This question is answered by the mode of discourse that articulates the intelligibility of breakdown, namely, the call of conscience. What is “given to understand” in the call? Heidegger answers: “Guilty” (schuldig) – but such guilt cannot be explained with reference to any law, whether conventional, rational/moral, or divine. Because conscience articulates a condition in which such laws have ceased to make any claim on me and persist merely as facts, inert items that lack normative force, what I am given to understand about myself in conscience cannot be explained through transgression of them. Heidegger expresses this by saying that the term “guilt ” must be “formalized” so that all reference to social relations “will drop out,” including reference to “any ought [Sollen] or law” (GA 2, p. 376/283/328). But can the notion of guilt make sense without reference to any law or ought? To owe someone something it is not enough merely to possess what he once possessed; rather, a law or norm governing exchanges must be in place. But Heidegger’s formalization is meant to bring out a further ontological point, namely, that my relation to such a law or norm must be of a certain character. If I am incapable of placing myself under the law – as may occur through various mental or physical incapacities – then I cannot be said to owe something, and Angst in Heidegger’s sense reveals something like a global incapacity vis-à-vis the normativity of all laws and oughts: existing norms present themselves as mere facts; they have no more normative force than does the code of Hammurabi. It may be true that a valid law obligates me whether or not I recognize it, but the point of Heidegger’s formalization is to highlight the way law and ought can come to have standing from the first-person point of view .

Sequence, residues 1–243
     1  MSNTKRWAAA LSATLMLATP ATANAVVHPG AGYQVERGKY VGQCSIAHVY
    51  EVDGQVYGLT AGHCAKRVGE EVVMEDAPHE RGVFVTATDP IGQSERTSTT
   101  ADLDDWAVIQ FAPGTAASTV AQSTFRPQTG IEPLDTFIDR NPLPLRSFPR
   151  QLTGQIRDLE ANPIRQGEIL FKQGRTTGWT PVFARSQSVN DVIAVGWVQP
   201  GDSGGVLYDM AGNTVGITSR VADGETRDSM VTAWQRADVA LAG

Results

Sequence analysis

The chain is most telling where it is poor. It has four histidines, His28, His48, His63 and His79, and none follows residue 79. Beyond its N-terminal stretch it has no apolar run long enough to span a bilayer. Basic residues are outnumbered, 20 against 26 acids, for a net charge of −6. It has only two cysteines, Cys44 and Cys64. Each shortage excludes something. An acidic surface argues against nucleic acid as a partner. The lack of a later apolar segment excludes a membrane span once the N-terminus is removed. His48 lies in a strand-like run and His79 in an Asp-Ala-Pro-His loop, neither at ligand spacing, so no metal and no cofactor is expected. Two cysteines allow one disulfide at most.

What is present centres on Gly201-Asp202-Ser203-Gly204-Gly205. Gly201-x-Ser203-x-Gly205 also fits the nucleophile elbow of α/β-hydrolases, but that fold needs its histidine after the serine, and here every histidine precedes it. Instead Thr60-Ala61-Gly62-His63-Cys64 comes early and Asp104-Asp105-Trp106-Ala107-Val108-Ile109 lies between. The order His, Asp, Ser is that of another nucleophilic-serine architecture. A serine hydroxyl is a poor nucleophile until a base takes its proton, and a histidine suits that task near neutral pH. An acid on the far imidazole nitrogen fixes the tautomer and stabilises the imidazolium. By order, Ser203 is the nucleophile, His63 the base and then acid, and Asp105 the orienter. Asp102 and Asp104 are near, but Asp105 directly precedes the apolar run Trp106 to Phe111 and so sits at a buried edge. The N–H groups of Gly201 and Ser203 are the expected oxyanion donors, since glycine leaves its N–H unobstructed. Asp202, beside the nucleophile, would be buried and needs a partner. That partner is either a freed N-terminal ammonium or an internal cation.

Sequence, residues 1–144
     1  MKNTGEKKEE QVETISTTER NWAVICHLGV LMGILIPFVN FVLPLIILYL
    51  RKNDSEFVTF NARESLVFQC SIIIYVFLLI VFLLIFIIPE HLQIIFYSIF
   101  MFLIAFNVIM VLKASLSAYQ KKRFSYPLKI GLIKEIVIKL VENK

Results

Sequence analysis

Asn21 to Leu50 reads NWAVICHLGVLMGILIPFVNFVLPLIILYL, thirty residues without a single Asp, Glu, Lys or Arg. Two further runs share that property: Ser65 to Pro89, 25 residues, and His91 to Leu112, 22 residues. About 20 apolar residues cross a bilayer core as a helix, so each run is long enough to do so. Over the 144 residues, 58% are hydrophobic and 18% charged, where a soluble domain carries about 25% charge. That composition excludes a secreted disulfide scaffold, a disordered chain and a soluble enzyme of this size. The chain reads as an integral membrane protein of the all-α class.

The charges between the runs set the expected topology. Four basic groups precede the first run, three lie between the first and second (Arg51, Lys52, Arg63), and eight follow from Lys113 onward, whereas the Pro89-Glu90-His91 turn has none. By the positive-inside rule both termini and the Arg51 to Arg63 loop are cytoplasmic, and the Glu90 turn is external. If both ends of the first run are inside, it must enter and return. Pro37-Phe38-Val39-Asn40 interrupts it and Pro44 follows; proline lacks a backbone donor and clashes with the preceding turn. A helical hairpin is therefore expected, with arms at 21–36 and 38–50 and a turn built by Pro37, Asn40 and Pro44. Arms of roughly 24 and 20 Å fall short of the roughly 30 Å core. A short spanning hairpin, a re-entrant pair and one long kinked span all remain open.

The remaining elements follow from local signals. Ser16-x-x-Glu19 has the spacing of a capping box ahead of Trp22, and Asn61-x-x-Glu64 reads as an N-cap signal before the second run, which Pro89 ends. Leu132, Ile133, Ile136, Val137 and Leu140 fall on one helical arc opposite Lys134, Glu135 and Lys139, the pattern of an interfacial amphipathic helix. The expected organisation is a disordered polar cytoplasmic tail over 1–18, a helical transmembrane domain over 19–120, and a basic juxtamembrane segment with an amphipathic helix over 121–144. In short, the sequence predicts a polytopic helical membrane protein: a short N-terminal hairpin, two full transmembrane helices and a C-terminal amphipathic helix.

Thus the role the analysis of guilt is to play is relatively clear. To say that “[t]his ‘Guilty!’ turns up as a predicate for the ‘I am’” (GA 2, p. 373/281/326) means that it belongs to my radically individualized mode of being, independent of any grasp of myself as this or that (including as rational being or as believer). Further, what conscience gives to understand thereby is “the ontological condition for Dasein’s ability to come to owe anything in factically existing” (GA 2, p. 380/286/332). Heidegger thus examines conscience in order to explain how I can come to be obligated. Since there is no question about how one comes to be obligated (the one-self simply conforms to constitutive rules ), Heidegger’s concern here is to show how, given the fact that the one-self can break down, something like a responsiveness to norms as norms is possible. If that is so, we have the context necessary for understanding our initial text passage, since Heidegger offers it to unpack his formalized definition of guilt as “being the ground of a nullity” (GA 2, p. 376/283/329). That context, as John Haugeland